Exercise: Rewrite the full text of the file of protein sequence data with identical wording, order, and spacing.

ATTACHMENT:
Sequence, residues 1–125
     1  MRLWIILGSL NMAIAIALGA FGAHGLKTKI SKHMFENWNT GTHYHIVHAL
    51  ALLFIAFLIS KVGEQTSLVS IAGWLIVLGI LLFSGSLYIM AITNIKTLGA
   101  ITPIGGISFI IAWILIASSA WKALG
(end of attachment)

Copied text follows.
Sequence, residues 1–125
     1  MRLWIILGSL NMAIAIALGA FGAHGLKTKI SKHMFENWNT GTHYHIVHAL
    51  ALLFIAFLIS KVGEQTSLVS IAGWLIVLGI LLFSGSLYIM AITNIKTLGA
   101  ITPIGGISFI IAWILIASSA WKALG